India needs ‘Operation Veggies’ to make farming profitable


India needs to adopt a “revolutionary approach” to ramp up production of vegetables, in line with ‘operation flood’ that made the country a global leader in milk production, Dr Ashok Gulati, Infosys Chair Professor for Agriculture, ICRIER, said at the 50thSKOCH Summit here on Wednesday.

Addressing inaugural session on the first-day of the two-day SKOCH Summit here, Dr Gulati emphasised on the need for starting “Operation Veggies” for pushing forward the production of at least tomato, onion and potato, which are most widely used vegetables by the common people in the country.

The 50th edition of the SKOCH Summit is held in the national capital on 20th-21st December 2017. It is “India’s Largest Citizenship Summit.” The Summit titled “Jai Hind” is focused on India’s journey to 2030.

 He coined the acronym TOP, where T stands for Tomato, O for Onion and P for Potato. “I would suggest Operation Veggies TOP. We should focus at least on tomato, onion and vegetables,” he said.

 Started in 1970, Operation Flood made India the leading producer of milk. When ‘Operation Flood’ was started in 1970, India’s total milk production stood at 20.74 million tonnes. People were forced to stand in long queues to get milk. Today India has the surplus production of milk.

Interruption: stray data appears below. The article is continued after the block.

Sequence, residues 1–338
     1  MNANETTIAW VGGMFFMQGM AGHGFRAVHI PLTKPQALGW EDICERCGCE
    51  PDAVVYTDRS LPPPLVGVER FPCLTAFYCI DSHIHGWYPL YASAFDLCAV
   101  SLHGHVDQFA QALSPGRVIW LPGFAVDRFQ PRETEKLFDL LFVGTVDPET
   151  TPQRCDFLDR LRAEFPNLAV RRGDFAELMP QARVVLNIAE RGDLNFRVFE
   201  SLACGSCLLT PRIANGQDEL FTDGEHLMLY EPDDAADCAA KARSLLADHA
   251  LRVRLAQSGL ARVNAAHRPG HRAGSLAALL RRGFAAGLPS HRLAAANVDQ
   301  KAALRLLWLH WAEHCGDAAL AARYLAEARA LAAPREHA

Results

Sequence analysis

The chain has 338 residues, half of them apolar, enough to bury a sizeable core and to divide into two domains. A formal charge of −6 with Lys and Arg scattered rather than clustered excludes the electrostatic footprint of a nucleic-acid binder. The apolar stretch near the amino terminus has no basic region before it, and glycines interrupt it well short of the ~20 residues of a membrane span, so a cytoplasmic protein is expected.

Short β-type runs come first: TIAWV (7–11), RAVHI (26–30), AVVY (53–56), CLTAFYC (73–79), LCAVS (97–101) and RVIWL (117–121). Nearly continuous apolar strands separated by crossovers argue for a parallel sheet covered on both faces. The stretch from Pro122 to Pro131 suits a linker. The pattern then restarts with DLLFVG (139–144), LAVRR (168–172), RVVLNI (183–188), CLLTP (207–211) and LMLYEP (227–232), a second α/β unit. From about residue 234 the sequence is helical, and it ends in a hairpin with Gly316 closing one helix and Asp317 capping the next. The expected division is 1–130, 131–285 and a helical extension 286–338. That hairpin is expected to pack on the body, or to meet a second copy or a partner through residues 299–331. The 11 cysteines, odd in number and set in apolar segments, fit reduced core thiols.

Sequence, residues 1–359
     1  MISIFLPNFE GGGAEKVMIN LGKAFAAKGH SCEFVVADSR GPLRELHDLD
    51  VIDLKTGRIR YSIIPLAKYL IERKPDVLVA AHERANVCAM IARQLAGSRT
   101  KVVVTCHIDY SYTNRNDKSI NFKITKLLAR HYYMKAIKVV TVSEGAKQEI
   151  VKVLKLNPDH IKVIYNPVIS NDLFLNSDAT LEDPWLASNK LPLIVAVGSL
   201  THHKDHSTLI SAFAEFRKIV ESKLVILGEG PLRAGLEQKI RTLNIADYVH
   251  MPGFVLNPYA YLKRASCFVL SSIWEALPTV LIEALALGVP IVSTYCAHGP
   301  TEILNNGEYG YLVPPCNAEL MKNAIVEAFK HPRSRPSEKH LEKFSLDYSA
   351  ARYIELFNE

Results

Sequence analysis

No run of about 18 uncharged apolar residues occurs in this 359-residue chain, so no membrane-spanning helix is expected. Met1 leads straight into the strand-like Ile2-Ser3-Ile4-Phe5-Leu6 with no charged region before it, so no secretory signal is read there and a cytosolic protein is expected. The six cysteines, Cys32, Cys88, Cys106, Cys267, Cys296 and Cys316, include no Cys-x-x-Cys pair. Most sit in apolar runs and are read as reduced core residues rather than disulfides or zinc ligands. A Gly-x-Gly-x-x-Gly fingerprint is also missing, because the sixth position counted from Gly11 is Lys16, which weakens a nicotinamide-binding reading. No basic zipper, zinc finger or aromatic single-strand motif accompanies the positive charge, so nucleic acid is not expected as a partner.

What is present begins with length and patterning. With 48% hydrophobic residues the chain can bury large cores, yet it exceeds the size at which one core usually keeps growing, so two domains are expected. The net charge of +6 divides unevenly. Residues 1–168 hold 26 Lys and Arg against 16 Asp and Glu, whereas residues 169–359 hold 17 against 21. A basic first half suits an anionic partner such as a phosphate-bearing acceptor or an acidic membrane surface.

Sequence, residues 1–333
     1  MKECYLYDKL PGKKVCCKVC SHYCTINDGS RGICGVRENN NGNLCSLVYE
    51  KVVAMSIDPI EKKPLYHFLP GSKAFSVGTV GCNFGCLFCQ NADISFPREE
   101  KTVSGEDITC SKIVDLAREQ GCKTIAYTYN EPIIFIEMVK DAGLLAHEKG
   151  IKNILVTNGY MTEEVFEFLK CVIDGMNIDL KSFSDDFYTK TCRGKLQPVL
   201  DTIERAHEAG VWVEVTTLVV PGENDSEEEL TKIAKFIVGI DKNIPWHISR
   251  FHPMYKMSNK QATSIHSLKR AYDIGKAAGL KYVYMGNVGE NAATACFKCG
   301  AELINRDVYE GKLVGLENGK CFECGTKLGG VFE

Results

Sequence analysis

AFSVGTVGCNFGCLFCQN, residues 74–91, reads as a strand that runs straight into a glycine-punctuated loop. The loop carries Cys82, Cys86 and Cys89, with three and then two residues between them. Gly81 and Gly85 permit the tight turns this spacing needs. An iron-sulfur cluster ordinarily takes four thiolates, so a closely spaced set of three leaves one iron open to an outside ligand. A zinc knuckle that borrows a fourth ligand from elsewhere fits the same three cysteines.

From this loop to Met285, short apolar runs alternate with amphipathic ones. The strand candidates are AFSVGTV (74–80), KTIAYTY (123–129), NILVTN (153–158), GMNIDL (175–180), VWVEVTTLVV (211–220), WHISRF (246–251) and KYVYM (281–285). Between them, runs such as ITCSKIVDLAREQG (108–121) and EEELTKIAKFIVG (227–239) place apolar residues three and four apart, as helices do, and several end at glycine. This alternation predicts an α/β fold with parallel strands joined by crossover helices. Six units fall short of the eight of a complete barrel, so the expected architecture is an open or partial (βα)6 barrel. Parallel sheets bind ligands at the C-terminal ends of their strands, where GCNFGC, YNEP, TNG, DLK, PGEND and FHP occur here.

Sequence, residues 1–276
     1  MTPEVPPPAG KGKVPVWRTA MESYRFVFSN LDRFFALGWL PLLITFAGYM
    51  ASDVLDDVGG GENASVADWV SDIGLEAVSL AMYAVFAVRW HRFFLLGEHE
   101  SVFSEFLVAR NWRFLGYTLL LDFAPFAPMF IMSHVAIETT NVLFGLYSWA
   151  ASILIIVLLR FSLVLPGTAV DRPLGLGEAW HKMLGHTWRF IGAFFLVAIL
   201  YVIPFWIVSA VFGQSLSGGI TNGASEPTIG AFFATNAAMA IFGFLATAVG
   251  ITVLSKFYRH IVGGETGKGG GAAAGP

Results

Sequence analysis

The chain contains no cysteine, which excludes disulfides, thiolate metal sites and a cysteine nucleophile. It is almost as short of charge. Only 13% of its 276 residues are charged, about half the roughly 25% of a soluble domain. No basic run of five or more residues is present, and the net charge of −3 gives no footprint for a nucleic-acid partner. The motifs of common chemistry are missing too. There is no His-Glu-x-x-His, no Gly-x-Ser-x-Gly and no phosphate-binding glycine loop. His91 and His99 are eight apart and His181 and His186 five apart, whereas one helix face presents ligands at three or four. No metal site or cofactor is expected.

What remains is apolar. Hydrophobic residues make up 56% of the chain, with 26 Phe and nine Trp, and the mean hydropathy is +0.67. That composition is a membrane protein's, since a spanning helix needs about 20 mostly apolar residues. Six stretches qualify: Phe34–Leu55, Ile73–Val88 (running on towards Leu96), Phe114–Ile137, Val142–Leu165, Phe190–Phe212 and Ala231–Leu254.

Dr Gulati said Operation Veggies should not be just about increasing production, but the focus should also be on creation of storage facilities and ensuring last-mile linkages so that farmers get proper price for their produce.

 He gave an example of Amul where milk producer get 75-80 per cent of the price paid by the consumer. Compare this with the vegetables like tomato and onion. Farmers get hardly 20-30 per cent of the price paid by the end users.

 In June-July this year, there was bumper crop of onion in Madhya Pradesh. But the prices crashed and the farmers were forced to sell their produce at Rs.2-3 per kg. Today, onion is old at Rs.50-60 per kg. Where does this huge margin go? Obviously, pocketed by the middlemen!

 Dr Gulati said a proper incentive structure should be devised to make farming profitable. “The Government must ensure that there is profit in farming,” he said.



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